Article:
U.S. Labor Report – The Game Just Changed
On Good Friday morning, April 6, one of my fears for continued capital market appreciation was realized. Similar to 2011, the just released U.S. Labor report delivered a resounding disappointment. I encourage all investors to read yesterday’s “S&P 500® Index Technical Formation” blog as it is now much more relevant.
The game just changed in three ways:
• Prior to the April 6 Labor report, I expected President Obama to easily secure a second term in the White House. The disappointing employment report has dramatically improved the chance for Mitt Romney, the Republican frontrunner, to defeat the current sitting president. Let the race begin, it’s now a dead heat.
• The historic reallocation trade out of Treasuries into equities has been postponed.
• The level of uncertainty surrounding U.S. monetary policy has been raised and will discourage participation in the capital markets.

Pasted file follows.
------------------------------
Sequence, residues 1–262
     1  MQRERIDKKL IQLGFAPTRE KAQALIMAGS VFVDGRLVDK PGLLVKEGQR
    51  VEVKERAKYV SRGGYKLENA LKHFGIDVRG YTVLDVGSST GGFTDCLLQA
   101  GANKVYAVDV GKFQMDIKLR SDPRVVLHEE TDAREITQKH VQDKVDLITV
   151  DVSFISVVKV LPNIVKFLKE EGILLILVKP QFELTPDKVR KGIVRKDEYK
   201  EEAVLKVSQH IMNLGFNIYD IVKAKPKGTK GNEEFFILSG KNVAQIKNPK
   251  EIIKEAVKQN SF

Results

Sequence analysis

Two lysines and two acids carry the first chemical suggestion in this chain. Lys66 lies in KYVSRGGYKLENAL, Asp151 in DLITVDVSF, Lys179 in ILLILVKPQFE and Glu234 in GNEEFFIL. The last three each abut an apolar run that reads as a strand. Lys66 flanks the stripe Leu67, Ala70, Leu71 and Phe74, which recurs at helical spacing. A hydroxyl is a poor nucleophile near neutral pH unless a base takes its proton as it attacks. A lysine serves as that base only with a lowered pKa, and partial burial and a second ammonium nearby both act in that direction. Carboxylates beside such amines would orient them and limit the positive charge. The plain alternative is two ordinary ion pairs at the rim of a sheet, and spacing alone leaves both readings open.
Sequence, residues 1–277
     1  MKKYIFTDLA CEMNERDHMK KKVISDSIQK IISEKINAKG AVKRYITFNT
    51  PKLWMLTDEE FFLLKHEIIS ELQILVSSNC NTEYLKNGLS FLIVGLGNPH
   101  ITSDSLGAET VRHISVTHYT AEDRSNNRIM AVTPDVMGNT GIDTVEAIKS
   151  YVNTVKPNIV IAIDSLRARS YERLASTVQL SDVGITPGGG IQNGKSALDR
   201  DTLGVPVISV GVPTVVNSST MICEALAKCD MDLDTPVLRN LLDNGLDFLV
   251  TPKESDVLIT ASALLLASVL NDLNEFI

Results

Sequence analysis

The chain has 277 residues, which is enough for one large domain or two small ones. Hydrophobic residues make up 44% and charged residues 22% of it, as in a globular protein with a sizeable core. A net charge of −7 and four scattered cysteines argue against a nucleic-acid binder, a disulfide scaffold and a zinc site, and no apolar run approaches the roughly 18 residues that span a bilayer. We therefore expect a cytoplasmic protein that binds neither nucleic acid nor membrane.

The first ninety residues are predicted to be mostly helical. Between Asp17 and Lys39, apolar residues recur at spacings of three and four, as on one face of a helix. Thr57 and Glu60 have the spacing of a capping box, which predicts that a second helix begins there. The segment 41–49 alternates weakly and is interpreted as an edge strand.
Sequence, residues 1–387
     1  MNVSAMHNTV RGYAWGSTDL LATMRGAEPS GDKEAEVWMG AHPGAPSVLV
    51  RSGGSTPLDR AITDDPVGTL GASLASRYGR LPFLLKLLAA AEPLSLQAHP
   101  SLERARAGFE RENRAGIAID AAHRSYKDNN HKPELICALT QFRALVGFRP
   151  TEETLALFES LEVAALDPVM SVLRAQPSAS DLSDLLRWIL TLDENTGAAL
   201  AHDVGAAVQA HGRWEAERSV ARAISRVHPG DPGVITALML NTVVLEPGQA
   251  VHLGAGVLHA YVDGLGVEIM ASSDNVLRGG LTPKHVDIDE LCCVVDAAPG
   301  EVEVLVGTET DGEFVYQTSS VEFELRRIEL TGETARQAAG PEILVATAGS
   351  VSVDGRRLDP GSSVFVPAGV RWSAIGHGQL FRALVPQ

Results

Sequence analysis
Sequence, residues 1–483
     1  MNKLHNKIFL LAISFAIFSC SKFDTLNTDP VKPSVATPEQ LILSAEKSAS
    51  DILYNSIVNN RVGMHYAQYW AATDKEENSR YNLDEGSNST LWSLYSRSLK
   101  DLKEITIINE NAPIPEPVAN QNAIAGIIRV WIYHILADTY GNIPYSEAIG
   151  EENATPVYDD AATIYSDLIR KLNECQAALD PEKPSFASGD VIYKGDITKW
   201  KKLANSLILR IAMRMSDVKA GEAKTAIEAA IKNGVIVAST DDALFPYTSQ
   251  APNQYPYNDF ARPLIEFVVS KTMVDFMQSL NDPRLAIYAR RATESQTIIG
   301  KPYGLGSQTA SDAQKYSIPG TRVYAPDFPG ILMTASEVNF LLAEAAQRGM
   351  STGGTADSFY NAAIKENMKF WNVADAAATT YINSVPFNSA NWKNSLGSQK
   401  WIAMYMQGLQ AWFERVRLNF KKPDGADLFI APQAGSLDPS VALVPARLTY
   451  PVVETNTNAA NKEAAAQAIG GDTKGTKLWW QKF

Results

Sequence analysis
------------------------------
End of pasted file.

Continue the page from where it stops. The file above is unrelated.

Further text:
Once again, the onus is on Corporate America to support the capital markets with continued surprisingly resilient earnings. Ironically enough, President Obama’s fate might just lie in the hands of Corporate America.
Strategy: My lone “overweight” for the capital markets right now is taxable fixed income.
March U.S. Labor Report:
1. Headline +120,000, well below the estimate for +205,000 and last month’s 240,000
2. Private +121,000, well below the estimate for +215,000 and last month’s 233,000
3. Unemployment rate falls to 8.2% from 8.3% last month
4. Underemployment rate falls to 14.5% from 14.9% last month
5. Retail employment fell 34,000, the biggest drop since October 2009
6. Participation rate fell to 63.8% from 63.9% last month
7. Average work week fell to 34.5 hours from 34.6 last month
8. Average weekly earnings fell to $806.96 from $807.56 last month
U.S. Private Sector Jobs, January 2011 to April 2012